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Renovation of June-bearing Strawberries
This article was published originally on 6/12/1998A June-bearing strawberry planting can be productive for several years if the bed is given good care. One important task is to renovate June-bearing strawberries immediately after the last harvest. The renovation process involves leaf removal, creation of 8-inch-wide plant strips, and fertilization. After the initial renovation steps have been completed, irrigation and weed control are necessary throughout the remainder of the growing season.
Start the renovation of June-bearing strawberries by mowing off the leaves 1 inch above the crowns of the plants with a rotary mower within 1 week of the last harvest. (Do not mow the strawberry bed after this one week period as later mowing destroys new leaf growth.) To aid in disease control, rake and remove the plant debris.
June-bearing strawberries are most productive when grown in 2-foot-wide matted rows. If the strawberry planting has become a solid bed several feet wide, renovate the planting by creating 8-inch-wide plant strips with a rototiller or hoe. Space the plant strips about 3 feet apart. June- bearing strawberries grown in rows should also be renovated. Narrow the rows to 8-inch-wide strips by removing the older plants, while retaining the younger ones. After renovation, the strawberry plants will develop runners and eventually form a 2-foot-wide matted row of plants by the end of summer.
Fertilization is the next step in renovation. Apply approximately 5 pounds of a 10-10-10 or similar analysis fertilizer per 100 feet of row to encourage plant growth and development.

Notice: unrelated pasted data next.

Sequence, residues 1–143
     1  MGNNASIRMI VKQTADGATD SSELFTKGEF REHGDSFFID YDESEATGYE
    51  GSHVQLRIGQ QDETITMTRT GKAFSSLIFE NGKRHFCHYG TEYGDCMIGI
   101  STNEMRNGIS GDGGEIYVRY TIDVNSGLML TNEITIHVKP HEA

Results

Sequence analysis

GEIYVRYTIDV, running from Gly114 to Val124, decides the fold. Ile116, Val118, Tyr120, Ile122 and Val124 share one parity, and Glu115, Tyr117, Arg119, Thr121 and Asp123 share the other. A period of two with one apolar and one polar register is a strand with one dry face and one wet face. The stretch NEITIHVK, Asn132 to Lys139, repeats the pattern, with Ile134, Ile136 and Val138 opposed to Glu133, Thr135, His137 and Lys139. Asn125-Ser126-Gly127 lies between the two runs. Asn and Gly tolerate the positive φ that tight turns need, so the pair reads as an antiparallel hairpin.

Strawberries require 1 inch of water per week throughout the growing season. After renovation, irrigate the strawberry planting weekly during dry weather. Adequate moisture promotes plant growth and helps insure optimal fruit production next season as the flower buds of June-bearing strawberries develop in late summer and early fall.
Weed control through the summer months is also essential. Weeds compete with the strawberry plants for water, nutrients, and sunlight. Cultivation is the most practical control for home gardeners. Control weeds with frequent, light cultivation. Some hand weeding will also be necessary. Dacthal, a preemergence herbicide, may be applied during renovation to aid in control of annual grasses and some broadleaf weeds. Gardeners can also apply a layer of straw between plant rows to help control weeds.
Some June-bearing strawberry varieties are extremely vigorous, producing runners beyond the 2-foot-wide matted row. These runners should be placed back within the 2-foot row or removed to prevent the planting from becoming a solid mat of plants.
June-bearing strawberry plantings that are well-maintained and renovated annually should remain productive for 4 or 5 years. Poorly managed beds may be productive for only 1 or 2 years.
When berry size and numbers begin to decline, it's time to start planning for a new strawberry bed. Renovate the current strawberry planting one last time. After renovation, select a site for a new planting next spring. When selecting a planting site, choose a site with good soil drainage. Also, select a site where strawberries, tomatoes, peppers, and eggplants have not been grown within the last 3 years to minimize the risk of Verticillium wilt, red stele, and other diseases. After the site has been chosen, begin preparing the site for next spring's planting. Early preparation allows sufficient time to control perennial weeds and amend the soil if necessary. Plant the new strawberry bed next spring (late March or April). Destroy the old planting after next season's last harvest.
Year of Publication:
IC-479(15) -- June 12, 1998